just past the entryway of The Fresh Ideas Group is the main room, not a lobby or a boardroom but a kitchen with a large butcher-block table surrounded by six cushioned stools, and coffee or tea brewing on the counter.
Sylvia Tawse, president and founder of the 10-year-old Boulder-based communications firm, says she designed it that way not only for sampling clients' products, but because the kitchen is where people naturally gather to talk.
Though she's in the business of speaking for others, Tawse did as much listening as she did talking in the past year with regard to her own company, which specializes in representing companies and interests in the natural-products industry. After years of incremental growth that roughly mirrored the industry she represents, Tawse created a senior adviser group in January 2006 to help her plot her business' future.
She credits that group with helping her firm generate a 73 percent revenue jump last year over the previous year, to $970,000, and increasing her firm's client base from 12 to 21. She also doubled her staff, from five to 10, to put the firm in a "state of readiness" for more business.
"They really guided me to decide, 'Syl, it's not really just about this year. Where do you want to be 10 years from now?'" Tawse says of the advisory group. "And that led to a commitment to growing the agency in the next three to five years into a mid-size agency. It was really like giving myself permission to grow and to grow pretty swiftly versus kind of staying the same size."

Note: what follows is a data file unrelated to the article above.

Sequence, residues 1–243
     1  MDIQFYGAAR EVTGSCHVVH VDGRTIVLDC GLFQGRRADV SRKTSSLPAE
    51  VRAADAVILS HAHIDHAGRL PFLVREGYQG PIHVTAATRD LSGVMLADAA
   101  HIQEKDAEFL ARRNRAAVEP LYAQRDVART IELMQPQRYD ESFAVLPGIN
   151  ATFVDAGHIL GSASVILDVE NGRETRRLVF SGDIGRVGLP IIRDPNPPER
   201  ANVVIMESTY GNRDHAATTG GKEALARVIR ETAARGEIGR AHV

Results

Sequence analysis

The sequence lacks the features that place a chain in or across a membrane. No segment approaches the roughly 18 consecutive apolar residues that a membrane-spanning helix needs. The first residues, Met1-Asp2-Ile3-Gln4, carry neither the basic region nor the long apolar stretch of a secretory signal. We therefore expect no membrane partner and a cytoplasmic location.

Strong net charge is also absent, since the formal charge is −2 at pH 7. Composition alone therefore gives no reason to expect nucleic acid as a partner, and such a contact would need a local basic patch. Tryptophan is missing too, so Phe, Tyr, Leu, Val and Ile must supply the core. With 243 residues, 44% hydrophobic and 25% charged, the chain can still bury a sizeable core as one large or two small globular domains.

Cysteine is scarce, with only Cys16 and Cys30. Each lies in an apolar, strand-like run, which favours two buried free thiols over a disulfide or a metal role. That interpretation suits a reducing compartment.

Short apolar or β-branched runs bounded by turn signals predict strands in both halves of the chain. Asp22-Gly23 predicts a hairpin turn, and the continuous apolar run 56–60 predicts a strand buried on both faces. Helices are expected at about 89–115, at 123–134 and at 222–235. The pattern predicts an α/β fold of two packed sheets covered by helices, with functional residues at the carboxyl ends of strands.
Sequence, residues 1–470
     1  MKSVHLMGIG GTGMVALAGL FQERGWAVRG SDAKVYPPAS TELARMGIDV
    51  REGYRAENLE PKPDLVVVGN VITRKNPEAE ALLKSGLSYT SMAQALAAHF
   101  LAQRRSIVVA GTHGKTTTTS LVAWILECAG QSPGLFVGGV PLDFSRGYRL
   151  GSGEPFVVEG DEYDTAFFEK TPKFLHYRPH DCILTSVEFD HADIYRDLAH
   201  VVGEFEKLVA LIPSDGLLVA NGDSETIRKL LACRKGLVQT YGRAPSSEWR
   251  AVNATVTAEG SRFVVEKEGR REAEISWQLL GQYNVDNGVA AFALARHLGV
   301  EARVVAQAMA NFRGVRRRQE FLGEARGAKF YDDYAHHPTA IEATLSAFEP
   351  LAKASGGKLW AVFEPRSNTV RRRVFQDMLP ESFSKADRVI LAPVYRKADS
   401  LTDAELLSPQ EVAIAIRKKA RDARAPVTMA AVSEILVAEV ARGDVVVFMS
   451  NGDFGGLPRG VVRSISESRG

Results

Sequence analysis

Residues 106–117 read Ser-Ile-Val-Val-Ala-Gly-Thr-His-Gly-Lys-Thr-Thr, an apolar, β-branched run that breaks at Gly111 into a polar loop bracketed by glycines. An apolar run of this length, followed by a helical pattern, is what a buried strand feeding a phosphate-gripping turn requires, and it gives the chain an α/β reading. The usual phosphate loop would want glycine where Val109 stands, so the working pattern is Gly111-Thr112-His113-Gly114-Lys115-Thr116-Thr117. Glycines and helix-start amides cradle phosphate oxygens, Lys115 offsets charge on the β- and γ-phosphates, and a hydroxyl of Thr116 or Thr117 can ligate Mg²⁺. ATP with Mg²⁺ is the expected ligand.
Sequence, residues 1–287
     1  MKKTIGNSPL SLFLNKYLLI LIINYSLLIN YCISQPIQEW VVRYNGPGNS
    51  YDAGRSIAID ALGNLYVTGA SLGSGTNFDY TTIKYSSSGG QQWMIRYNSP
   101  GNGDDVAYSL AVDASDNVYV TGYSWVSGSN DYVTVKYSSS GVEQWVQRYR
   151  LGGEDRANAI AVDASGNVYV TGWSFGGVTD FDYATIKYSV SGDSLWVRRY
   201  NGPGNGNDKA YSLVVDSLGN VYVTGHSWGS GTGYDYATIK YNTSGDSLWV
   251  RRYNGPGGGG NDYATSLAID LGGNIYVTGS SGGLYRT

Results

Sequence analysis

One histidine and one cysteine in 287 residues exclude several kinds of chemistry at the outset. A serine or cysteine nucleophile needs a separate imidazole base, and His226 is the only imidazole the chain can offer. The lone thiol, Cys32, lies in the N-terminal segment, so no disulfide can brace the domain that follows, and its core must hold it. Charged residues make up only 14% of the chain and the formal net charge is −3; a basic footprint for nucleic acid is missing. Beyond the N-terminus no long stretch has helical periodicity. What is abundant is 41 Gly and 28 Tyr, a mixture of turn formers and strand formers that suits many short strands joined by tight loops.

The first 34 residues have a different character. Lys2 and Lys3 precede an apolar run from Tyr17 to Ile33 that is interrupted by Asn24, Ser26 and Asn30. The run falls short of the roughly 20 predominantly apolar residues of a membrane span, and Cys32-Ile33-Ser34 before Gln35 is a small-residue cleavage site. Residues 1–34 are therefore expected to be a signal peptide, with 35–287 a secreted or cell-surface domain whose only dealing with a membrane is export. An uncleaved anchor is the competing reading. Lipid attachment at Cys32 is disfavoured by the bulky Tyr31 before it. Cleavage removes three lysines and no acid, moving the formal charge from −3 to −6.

The advisory group includes Paul Repetto, who co-founded Horizon Organic Dairy in 1991; business coach Larry Bangs; Tawse's chief financial officer Jim Locatelli, and her husband, Lyle Davis.
"These are all people who know me really well and will be brutally honest with me," Tawse says. "But they're really keen business minds as well."
Tawse's firm took a giant stride toward more growth in February when Whole Foods Market named Fresh Ideas Group its agency of record for the Rocky Mountain region, just weeks after the upscale natural-foods retailer announced it was acquiring Boulder-based Wild Oats.
It made sense that Whole Foods would look to Boulder and to someone with a long record of devotion to the natural-products industry. This is a prosperous but pivotal time for organic and natural foods, and especially for Whole Foods, the industry leader with annual revenues of more than $5 billion.
Only a few years ago, the organics...